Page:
In late October President Trump ordered that “the veil be lifted” from the investigation into the assassination of President John F. Kennedy in 1963.
More than 3,000 new, previously classified FBI, CIA, and Congressional documents were released to the public. A quick overview of the material shows that the bulk of it pertains either to the CIA’s covert operations against Cuba (one of the most popular theories about JFK’s assassination focuses on the ties between Lee Harvey Oswald and anti-Castro paramilitary groups that were upset about Kennedy’s “soft” policy toward the island) or the CIA’s search for a “Soviet fingerprint” in the crime – as can be seen in Langley’s fruitless but determined attempts to turn the defector Yuri Nosenko into a key source of information (although, truth be told, he adamantly refused to give the required “testimony” and was for this reason long suspected of being a KGB double agent). We cannot avoid the impression that these huge document dumps – along with the scores of “investigations” conducted over the last 54 years, in addition to the books and movies about this cryptic murder – have one goal: to keep whoever really ordered the JFK assassination from being brought to justice.
All of these materials focus in one way or another on the figure of the unhappy “psychopath,” known as Lee Harvey Oswald, the lone gunman who shot the 35th US president on Nov. 22, 1963, from the sixth floor of the Texas School Book Depository in Dallas, using a 6.5mm Mannlicher-Carcano Italian rifle with telescopic sight. Each new batch of released documents (and there have been three just this year: on July 24, Oct. 26, and Nov. 3) triggers another round of furious debate, all over the world, about his motives, connections, and the facts of the crime.
The narrative of the murder would seem quite straightforward. Just a few minutes after the fatal shots were fired, the security services were already combing through the depository building. On the 6th floor, they discovered an open window, three shell casings, and a rifle bearing Oswald’s fingerprints. Forty minutes after Kennedy’s death, the cops already had a name, physical description, and address for his alleged killer. The crime of the century was easily solved. The police surrounded the Texas Theatre building where Mr. Oswald was hiding, and he was arrested barely an hour after the president was assassinated.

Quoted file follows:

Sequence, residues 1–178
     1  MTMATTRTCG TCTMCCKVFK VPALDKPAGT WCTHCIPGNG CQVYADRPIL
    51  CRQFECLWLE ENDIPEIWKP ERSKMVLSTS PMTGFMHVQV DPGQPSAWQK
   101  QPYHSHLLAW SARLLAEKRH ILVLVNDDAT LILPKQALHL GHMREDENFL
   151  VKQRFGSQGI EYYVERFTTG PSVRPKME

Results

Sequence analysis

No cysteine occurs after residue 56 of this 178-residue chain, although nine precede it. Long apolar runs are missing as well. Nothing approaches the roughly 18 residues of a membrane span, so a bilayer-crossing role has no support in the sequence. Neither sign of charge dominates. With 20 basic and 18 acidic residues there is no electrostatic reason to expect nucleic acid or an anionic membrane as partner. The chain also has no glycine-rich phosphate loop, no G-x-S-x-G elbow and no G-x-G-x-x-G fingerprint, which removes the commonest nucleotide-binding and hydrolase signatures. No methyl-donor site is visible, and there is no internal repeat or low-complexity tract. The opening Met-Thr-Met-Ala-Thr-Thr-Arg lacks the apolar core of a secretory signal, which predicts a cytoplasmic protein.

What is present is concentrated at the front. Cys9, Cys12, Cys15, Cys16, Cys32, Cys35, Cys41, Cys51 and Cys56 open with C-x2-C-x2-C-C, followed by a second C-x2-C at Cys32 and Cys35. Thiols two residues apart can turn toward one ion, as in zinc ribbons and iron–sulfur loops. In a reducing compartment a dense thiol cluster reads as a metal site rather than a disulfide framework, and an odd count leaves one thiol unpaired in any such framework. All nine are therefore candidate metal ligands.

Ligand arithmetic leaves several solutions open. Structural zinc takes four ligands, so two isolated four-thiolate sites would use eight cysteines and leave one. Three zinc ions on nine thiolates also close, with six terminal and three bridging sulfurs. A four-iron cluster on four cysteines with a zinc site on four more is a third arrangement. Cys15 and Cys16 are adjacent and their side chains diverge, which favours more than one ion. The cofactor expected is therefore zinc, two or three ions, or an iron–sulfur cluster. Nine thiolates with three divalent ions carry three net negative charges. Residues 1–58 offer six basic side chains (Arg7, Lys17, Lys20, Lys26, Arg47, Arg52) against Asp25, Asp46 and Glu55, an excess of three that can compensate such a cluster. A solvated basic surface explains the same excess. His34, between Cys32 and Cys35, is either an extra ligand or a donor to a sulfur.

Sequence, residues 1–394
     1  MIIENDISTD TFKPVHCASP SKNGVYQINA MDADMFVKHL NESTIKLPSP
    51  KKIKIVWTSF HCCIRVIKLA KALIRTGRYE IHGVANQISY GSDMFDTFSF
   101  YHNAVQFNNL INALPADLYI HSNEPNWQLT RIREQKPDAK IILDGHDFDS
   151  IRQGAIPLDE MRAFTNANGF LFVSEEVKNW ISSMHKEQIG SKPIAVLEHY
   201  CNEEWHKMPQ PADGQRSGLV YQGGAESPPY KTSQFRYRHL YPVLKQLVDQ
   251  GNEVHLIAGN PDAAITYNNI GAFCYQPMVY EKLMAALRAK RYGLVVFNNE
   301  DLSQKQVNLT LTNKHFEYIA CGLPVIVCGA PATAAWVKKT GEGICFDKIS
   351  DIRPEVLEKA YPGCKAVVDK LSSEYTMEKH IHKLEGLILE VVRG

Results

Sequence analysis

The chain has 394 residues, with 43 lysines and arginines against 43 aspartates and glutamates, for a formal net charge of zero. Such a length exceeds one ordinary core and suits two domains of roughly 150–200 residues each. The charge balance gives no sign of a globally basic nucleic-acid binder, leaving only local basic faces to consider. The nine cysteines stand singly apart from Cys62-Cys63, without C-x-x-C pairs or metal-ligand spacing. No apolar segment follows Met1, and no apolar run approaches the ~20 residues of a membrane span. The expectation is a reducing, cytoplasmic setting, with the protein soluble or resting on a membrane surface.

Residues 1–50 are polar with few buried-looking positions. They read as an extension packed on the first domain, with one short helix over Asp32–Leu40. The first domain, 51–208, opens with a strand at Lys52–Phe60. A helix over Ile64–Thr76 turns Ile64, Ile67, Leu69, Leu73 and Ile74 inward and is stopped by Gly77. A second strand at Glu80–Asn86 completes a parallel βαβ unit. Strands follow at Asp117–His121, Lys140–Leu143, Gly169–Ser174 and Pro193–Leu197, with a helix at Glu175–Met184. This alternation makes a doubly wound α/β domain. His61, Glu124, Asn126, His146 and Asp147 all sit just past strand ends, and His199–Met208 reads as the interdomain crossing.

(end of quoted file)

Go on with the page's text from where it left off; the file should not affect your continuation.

But not everything was quite so simple. A 26-second movie, made that day by Abraham Zapruder, shows the exact moment of the murder, which has made it possible to dissect the instant of Kennedy’s death, frame by frame.
According to the official story, three shots were fired (the first missed, the second passed through the president’s neck and ricocheted into the chest, wrist, and thigh of Texas Governor John Connally, and the third bullet struck Kennedy in the head). But the film clearly shows that the second bullet (frame 225) and third bullet (frame 313) are of completely different types: the second passed through the president’s neck without serious tissue damage, while the third was obviously an expanding bullet, the impact of which shattered the American leader’s skull! A mix of different types of bullets within a single clip of a semi-automatic gun would be a game-changer for shooters. But the most likely explanation is that there were at least two snipers involved. …